Covid-19 has significantly impacted the business and trade of many commercial tenants across the country and has resulted in Landlords receiving requests for rent abatements, deferrals, and in some cases, even surrenders. Unlike in the U.K., the Irish Government is yet to introduce any statutory protections for commercials tenants, and some are finding it hard to see the light at the end of the tunnel.

Some tenants who have made the difficult decision to close some (or even all) of their premises may be lucky enough to have upcoming break options that can be exercised. Those who do not will have to either negotiate a surrender with their landlord (which may involve the payment of a surrender premium) or start the process of assigning their lease, something which may be rather difficult in the current climate due to the lack of demand.

Those tenants fortunate enough to have an upcoming break option in their lease should be mindful of the following points:

  • Break options are strictly interpreted (especially now as Landlords are unlikely to find a replacement tenant straight away), and notices must be served correctly in accordance with the terms of the lease. There is no action to be taken on a Landlord’s behalf  in relation to the service of the break notice, therefore making all procedural matters entirely a matter for the Tenant. Tenants should mark clearly in their diaries any notice periods /deadlines required for serving such notices.

  • It is advisable to instruct your solicitor as early as possible so that the break option clause can be reviewed, and the conditions adhered to in the correct fashion. If your lease states that the break notice must be served by registered post it will almost certainly be void if served via email. It is also important to serve the notice on the correct person/entity.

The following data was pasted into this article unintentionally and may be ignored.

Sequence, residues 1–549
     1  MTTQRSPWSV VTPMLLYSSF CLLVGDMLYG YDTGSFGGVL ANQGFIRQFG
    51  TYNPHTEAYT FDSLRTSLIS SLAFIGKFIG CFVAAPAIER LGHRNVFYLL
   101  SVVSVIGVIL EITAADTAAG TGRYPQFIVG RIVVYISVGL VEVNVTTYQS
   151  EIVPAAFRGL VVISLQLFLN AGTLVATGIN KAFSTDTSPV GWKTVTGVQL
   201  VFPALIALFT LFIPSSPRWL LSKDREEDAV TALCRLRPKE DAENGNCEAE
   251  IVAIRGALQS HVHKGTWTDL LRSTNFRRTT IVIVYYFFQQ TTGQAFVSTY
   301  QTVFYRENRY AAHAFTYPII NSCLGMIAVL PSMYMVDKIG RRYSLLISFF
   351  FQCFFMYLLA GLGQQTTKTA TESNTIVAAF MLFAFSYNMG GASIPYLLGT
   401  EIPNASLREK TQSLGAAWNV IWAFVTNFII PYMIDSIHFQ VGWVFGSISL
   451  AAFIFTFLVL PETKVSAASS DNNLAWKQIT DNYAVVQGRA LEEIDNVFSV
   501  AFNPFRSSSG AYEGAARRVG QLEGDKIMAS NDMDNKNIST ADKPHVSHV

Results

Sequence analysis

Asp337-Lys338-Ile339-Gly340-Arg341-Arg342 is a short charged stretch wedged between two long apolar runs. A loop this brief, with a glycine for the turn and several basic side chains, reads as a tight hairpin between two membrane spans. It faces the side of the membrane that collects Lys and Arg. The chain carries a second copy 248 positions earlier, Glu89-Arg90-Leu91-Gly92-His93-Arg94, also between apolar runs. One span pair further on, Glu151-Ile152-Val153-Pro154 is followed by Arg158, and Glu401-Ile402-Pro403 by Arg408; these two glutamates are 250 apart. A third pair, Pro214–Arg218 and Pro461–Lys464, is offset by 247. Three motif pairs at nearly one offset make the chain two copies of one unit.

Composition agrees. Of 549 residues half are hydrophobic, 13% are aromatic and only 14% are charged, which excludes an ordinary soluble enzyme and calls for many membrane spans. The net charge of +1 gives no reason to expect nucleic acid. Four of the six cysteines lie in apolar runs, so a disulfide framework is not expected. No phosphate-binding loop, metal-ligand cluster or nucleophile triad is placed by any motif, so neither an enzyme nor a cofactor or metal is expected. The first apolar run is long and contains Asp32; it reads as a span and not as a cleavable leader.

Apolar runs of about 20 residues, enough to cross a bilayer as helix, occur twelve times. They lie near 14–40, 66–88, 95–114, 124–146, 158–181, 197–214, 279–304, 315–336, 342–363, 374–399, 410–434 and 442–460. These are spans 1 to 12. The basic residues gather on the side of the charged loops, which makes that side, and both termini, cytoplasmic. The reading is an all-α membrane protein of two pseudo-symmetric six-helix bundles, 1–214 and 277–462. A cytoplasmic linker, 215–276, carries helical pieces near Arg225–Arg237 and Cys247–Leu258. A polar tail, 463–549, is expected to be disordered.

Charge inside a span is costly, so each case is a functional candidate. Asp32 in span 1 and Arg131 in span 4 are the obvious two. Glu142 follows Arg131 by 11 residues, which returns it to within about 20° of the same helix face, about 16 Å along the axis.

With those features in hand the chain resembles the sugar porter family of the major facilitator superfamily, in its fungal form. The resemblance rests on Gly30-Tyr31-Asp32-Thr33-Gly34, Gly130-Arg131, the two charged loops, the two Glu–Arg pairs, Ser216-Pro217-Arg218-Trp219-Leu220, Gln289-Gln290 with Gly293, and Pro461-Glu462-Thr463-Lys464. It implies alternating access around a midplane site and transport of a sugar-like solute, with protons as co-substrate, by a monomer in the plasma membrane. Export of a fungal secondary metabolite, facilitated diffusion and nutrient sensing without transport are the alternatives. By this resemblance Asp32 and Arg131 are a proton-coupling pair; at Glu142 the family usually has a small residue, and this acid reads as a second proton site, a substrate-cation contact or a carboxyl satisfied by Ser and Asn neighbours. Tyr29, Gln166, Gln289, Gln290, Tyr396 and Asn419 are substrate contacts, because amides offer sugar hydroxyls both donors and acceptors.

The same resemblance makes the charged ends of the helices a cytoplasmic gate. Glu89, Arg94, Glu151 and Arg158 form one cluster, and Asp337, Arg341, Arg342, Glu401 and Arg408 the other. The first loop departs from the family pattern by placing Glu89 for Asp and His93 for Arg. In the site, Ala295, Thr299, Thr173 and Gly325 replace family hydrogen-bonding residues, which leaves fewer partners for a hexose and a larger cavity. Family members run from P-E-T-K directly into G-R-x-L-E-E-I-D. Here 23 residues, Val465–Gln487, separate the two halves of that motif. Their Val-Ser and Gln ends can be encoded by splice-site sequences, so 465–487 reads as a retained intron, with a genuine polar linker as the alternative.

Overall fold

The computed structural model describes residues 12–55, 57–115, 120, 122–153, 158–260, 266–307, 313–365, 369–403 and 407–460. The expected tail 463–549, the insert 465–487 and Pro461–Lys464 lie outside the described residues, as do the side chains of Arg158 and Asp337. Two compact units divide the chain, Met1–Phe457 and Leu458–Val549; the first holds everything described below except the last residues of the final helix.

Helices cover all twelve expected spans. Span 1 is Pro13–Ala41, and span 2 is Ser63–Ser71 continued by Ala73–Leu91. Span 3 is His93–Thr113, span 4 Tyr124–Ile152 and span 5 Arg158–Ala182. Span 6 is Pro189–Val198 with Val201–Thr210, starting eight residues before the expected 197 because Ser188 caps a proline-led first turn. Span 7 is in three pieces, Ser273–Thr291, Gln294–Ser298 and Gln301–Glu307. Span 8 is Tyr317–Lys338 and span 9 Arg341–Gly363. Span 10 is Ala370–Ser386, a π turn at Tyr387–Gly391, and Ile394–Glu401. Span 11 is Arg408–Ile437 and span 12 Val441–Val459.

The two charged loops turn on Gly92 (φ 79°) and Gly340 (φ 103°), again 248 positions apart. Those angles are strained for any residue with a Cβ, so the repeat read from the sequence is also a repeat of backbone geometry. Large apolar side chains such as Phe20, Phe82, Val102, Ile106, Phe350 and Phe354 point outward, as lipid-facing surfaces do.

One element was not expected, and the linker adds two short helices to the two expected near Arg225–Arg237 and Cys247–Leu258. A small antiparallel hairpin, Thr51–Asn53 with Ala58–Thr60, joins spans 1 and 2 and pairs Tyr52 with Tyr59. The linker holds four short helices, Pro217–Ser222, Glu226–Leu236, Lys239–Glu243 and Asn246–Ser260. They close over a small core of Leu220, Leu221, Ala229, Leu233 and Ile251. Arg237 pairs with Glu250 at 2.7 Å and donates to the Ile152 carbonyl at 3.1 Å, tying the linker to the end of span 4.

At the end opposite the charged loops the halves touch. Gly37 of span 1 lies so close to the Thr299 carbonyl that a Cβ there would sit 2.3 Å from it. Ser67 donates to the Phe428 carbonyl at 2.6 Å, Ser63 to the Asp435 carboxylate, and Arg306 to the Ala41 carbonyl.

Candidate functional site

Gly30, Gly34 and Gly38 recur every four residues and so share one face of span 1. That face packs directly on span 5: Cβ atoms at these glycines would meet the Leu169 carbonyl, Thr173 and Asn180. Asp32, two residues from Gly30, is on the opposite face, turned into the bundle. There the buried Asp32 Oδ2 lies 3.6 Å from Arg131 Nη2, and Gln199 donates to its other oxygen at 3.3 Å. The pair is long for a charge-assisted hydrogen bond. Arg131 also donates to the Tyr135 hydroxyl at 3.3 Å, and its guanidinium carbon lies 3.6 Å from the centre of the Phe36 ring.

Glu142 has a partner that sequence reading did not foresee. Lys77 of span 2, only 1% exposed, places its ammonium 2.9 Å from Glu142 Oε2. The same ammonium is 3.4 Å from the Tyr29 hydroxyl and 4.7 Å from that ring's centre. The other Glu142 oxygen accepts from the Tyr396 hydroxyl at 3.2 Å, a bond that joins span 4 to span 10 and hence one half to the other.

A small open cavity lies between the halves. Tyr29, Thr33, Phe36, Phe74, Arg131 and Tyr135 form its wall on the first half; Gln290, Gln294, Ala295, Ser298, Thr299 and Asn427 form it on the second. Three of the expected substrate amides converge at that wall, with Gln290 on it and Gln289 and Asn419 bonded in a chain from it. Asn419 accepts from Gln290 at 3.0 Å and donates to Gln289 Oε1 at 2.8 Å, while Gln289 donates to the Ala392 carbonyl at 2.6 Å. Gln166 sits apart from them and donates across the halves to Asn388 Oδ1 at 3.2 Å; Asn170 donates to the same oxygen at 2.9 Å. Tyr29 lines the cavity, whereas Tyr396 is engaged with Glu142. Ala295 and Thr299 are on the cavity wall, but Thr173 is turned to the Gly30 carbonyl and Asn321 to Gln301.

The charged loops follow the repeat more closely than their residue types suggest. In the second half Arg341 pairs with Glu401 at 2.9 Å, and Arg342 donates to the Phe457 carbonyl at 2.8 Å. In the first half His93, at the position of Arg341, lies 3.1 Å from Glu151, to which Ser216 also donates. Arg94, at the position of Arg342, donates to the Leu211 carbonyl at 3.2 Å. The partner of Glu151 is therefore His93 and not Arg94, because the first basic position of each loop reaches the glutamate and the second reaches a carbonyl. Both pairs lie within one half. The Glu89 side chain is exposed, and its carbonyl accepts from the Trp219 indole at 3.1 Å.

• Time is normally of the essence in respect of break options i.e. notice periods for serving your break notice are strict and missed dates will be fatal. If a notice period is missed the Tenant runs the risk of being lumbered with the lease (and the rent) for the remainder of the term. That could be incredibly costly.

  • Break options are often conditional upon certain matters being complied with e.g. payment of rent and other sums due under the lease (service charges & insurance), vacant possession being provided, penalty payments and compliance with all material aspects of the lease. Tenants should always err on the side of caution in respect of these conditional items, for example, if the break date falls halfway between a quarter, it would be prudent to pay the full quarter’s rent upfront (past the break date) and then later apply for a refund of any overpayment to avoid being in breach of the tenant’s obligation to pay rent “quarterly in advance”. All invoices should be requested from the Landlord as soon as possible and Tenants should not attempt to calculate break payments themselves.

  • Tenants should instruct a surveyor well in advance of the break date to ascertain what is required to comply with its yield up obligations / any dilapidations which need to be dealt with. This will provide Tenants with time to either negotiate a dilapidations settlement amount with the Landlord or time to complete the works.

  • Agree with the Landlord what, if any, items need to be removed from the premises to provide vacant possession. The issue here is that leaving behind even a couple of loose items on the premises could count as remaining in possession and therefore a tenant could lose his right to break. Nothing must remain to be removed after the break date save with the express written agreement of the Landlord.

  • If you are not the original Tenant who entered into the lease, ensure that the break option was not personal to that tenant and is capable of still being exercised.

  • Finally, do not serve a break notice as a strategic means to renegotiating your current rent. Once served, a break notice cannot be withdrawn, and the Tenant runs the risk of the Landlord proceeding with the termination of the lease when this is not what was intended.

We have extensive experience of working with both Landlords and Tenants to advise on the practical application of lease obligations and covenants. We are available to discuss any issues that may arise for you as a result of your evolving obligations as a Landlord and/or Tenant during this time of uncertainty. For further information, please contact Sarah Keenan, on +353 1 639 3000 or visit